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Old 06-27-2013, 02:04 PM   #16
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I assure you just as many stupid things are said and proposed by liberals and democrats, but they don't get the media echo chamber treatment.
No doubt about that, they're politicians, after all. Complaining about media bias is pointless, in my mind. The media has always had a left bias (as far as I can remember). If anything one would think that would make the GOP members even more careful about what they say.

The main point here is that the GOP needs to learn to keep their antiquated yaps shut about issues like this, or risk further alienation.
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Old 06-27-2013, 02:14 PM   #17
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I always found it odd that the party that on one hand so avidly propounds a respect for the traditions and a stricter, more originalist reading of the Constitution is the same one that, on the other hand, so readily proposes so many amendments to it.

As for making stupid statements, sure, members of both parties do, but I would assert that it is not in equal numbers or proportions of late and the GOP has been overly tolerant of many of the gaffs made by its members (though they're getting tighter on this), giving the impression of implicitly condoning them for whatever reasons.
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Old 06-27-2013, 02:33 PM   #18
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I don't think any mainstream GOP politician would actually propose a freaking constitutional amendment regarding this, it would be like jumping off a cliff and hoping you could fly.

Expressing disappointment is not the same as jumping on a lone gunman's bandwagon...just saying.

This is the exact stuff I was talking about. One fringe GOP guy says something crazy and it is supposed to be indicative of the entire party. One fringe Democrat says something crazy and he's just a fringe crazy guy.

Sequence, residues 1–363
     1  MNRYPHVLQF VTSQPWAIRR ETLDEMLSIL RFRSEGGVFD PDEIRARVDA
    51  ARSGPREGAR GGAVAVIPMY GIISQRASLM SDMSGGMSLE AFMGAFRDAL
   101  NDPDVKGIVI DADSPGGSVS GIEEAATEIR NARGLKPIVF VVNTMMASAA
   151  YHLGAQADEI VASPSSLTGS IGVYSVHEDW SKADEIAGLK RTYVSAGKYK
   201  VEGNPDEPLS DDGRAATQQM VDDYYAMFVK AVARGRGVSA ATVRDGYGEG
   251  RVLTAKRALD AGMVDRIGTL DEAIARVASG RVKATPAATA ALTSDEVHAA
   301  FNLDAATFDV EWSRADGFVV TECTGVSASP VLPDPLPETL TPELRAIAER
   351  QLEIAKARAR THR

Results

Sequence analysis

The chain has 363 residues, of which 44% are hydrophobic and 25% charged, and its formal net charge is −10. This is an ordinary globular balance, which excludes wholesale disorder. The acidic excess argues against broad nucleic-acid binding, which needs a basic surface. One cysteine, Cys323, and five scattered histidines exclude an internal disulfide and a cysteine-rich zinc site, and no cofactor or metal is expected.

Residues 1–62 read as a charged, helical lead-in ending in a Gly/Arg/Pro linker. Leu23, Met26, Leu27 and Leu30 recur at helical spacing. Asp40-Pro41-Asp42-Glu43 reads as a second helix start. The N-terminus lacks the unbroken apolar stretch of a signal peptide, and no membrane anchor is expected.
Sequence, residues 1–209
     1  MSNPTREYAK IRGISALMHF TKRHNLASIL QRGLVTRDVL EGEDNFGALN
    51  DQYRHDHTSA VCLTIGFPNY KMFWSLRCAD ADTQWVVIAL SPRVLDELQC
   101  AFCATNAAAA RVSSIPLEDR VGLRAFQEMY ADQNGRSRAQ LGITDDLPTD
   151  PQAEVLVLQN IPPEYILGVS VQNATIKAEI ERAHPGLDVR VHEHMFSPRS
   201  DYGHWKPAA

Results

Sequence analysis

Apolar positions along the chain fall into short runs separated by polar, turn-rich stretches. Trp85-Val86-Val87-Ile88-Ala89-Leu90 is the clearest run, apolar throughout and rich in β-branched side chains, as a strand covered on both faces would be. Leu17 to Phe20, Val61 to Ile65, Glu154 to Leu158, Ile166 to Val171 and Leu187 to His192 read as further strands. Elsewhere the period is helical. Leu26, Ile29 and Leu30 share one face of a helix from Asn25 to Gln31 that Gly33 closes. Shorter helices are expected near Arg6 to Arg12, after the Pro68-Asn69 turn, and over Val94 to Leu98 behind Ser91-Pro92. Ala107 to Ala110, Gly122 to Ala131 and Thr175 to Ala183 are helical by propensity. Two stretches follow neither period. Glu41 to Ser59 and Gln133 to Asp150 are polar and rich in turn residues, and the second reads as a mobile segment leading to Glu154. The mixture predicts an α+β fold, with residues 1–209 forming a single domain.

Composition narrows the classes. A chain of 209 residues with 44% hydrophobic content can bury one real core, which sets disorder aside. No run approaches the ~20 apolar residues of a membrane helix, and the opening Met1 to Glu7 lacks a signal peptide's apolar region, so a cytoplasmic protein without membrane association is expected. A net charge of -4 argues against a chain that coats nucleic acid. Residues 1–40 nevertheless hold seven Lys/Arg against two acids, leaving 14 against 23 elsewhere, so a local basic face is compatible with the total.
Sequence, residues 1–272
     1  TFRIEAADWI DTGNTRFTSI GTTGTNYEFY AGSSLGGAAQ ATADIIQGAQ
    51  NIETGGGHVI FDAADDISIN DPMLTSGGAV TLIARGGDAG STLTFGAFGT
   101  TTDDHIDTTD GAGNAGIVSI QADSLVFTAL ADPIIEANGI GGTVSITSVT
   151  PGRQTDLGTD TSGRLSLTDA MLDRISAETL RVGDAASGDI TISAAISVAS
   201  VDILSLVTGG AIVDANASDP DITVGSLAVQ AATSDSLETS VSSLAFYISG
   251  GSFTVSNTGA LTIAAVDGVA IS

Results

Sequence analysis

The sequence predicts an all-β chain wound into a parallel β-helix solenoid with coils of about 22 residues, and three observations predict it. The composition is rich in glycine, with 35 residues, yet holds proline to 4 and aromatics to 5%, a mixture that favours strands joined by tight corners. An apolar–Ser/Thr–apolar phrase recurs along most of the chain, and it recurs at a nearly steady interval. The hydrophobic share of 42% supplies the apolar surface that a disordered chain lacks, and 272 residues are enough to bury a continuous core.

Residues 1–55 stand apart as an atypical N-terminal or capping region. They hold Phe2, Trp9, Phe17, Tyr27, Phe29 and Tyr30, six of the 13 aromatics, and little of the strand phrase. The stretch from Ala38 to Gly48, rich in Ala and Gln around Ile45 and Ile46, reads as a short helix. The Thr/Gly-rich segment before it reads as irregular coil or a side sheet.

2 way media bias perception
fair enough, and good point.

But the bigger issue is why bother with the issue of gay marriage at all? Why does the GOP have to toe the party line with this issue and why can't they evolve and change as the rest of America?

That said, while this may be one fringe member of government proposing an amendment, as alluded to above, there are others that share the same sentiment. Maybe not publicly announcing or outright stating to propose an amendment, but they are generally against the idea of gay marriage.
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Old 06-27-2013, 02:33 PM   #19
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No doubt about that, they're politicians, after all. Complaining about media bias is pointless, in my mind. The media has always had a left bias (as far as I can remember). If anything one would think that would make the GOP members even more careful about what they say.

The main point here is that the GOP needs to learn to keep their antiquated yaps shut about issues like this, or risk further alienation.
True that, but I don't think it is futile to constantly remind people of media bias. Confidence in media is at an all time low, assuredly as least partially due to said complaining.
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Old 06-27-2013, 02:35 PM   #20
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Let me get this straight:

A representative of congress, whose job is to make new laws/amendments and uphold what is currently written in constitutional amendments, says that we should basically be living under a theocracy under the Christian god's law, but rejects the notion of Sharia Law, a governing system based under a separate religion that worships the same god of Abraham?